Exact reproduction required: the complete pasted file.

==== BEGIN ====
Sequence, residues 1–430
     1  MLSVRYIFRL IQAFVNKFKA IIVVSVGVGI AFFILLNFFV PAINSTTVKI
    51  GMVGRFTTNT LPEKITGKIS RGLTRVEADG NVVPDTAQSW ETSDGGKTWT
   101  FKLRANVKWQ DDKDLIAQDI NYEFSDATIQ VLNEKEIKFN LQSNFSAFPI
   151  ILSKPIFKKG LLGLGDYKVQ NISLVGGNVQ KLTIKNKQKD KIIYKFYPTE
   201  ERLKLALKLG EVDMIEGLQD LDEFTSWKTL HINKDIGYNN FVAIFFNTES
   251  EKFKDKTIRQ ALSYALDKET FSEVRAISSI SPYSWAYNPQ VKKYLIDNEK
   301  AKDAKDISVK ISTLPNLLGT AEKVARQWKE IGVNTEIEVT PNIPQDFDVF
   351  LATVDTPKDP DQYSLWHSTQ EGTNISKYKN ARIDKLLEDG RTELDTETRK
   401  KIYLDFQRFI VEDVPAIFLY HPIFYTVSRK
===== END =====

Sequence, residues 1–430
     1  MLSVRYIFRL IQAFVNKFKA IIVVSVGVGI AFFILLNFFV PAINSTTVKI
    51  GMVGRFTTNT LPEKITGKIS RGLTRVEADG NVVPDTAQSW ETSDGGKTWT
   101  FKLRANVKWQ DDKDLIAQDI NYEFSDATIQ VLNEKEIKFN LQSNFSAFPI
   151  ILSKPIFKKG LLGLGDYKVQ NISLVGGNVQ KLTIKNKQKD KIIYKFYPTE
   201  ERLKLALKLG EVDMIEGLQD LDEFTSWKTL HINKDIGYNN FVAIFFNTES
   251  EKFKDKTIRQ ALSYALDKET FSEVRAISSI SPYSWAYNPQ VKKYLIDNEK
   301  AKDAKDISVK ISTLPNLLGT AEKVARQWKE IGVNTEIEVT PNIPQDFDVF
   351  LATVDTPKDP DQYSLWHSTQ EGTNISKYKN ARIDKLLEDG RTELDTETRK
   401  KIYLDFQRFI VEDVPAIFLY HPIFYTVSRK